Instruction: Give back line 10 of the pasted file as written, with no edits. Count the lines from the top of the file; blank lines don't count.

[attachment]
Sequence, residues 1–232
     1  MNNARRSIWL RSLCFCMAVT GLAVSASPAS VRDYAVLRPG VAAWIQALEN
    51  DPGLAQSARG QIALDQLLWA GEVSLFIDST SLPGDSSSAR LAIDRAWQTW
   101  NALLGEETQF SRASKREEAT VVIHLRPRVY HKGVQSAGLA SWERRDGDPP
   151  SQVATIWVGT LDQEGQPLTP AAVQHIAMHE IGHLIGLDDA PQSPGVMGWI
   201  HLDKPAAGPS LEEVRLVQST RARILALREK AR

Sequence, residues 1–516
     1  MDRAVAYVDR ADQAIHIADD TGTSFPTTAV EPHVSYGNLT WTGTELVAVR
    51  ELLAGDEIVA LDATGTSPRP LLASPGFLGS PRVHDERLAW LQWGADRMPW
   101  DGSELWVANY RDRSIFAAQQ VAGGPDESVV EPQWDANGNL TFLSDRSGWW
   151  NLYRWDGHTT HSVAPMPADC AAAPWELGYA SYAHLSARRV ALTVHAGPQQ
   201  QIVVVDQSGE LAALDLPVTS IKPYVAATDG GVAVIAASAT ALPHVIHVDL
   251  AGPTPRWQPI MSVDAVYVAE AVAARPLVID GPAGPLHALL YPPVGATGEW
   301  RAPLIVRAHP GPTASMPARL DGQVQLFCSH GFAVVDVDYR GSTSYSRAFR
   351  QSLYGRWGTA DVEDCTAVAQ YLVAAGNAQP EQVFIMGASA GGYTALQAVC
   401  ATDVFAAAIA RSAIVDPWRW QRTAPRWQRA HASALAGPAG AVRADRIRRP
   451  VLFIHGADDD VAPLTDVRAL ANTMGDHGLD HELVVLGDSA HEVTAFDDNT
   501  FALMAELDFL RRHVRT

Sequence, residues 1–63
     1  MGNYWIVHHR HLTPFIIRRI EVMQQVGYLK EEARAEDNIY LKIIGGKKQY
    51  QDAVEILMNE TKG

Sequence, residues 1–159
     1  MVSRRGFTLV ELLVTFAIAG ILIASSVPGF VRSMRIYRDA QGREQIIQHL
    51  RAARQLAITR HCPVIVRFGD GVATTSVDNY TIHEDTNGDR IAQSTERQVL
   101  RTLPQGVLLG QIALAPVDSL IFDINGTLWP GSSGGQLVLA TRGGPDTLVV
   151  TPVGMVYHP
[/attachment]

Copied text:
   101  DGSELWVANY RDRSIFAAQQ VAGGPDESVV EPQWDANGNL TFLSDRSGWW